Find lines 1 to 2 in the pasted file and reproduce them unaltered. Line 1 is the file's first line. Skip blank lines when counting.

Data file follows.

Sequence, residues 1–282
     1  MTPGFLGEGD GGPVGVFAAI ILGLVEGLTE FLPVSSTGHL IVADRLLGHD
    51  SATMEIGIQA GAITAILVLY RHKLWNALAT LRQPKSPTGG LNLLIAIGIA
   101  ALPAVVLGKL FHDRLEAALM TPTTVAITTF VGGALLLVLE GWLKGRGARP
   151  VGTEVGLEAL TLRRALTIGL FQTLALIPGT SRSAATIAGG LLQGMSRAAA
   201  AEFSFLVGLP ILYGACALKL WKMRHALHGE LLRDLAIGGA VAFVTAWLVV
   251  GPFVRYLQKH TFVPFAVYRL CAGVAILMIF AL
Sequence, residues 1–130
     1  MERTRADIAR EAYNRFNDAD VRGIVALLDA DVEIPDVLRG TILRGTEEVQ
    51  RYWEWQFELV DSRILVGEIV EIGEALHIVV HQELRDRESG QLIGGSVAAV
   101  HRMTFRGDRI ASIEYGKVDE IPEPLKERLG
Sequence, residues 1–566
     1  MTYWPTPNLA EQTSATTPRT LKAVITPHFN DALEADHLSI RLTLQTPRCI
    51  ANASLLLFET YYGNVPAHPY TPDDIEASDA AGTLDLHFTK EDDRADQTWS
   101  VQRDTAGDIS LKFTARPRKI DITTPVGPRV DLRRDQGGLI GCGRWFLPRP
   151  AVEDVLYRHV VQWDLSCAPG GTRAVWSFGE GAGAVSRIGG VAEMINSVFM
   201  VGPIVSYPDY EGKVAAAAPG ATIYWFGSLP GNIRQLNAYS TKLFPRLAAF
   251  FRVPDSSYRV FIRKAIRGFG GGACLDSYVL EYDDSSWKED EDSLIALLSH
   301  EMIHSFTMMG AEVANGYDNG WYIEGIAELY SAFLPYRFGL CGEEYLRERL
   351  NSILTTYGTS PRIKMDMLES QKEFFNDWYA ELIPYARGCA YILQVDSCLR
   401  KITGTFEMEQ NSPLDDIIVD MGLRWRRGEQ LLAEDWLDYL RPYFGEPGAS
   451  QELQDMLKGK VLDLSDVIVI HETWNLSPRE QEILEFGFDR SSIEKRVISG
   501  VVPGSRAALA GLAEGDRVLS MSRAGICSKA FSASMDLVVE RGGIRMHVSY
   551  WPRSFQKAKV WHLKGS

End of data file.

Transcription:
Sequence, residues 1–282
     1  MTPGFLGEGD GGPVGVFAAI ILGLVEGLTE FLPVSSTGHL IVADRLLGHD